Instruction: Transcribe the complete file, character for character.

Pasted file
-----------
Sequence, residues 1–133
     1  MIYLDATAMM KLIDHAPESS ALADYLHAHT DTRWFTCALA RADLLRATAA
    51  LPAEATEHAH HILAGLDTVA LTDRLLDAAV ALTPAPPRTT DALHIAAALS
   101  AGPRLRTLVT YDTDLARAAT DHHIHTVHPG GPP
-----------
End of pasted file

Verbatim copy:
Sequence, residues 1–133
     1  MIYLDATAMM KLIDHAPESS ALADYLHAHT DTRWFTCALA RADLLRATAA
    51  LPAEATEHAH HILAGLDTVA LTDRLLDAAV ALTPAPPRTT DALHIAAALS
   101  AGPRLRTLVT YDTDLARAAT DHHIHTVHPG GPP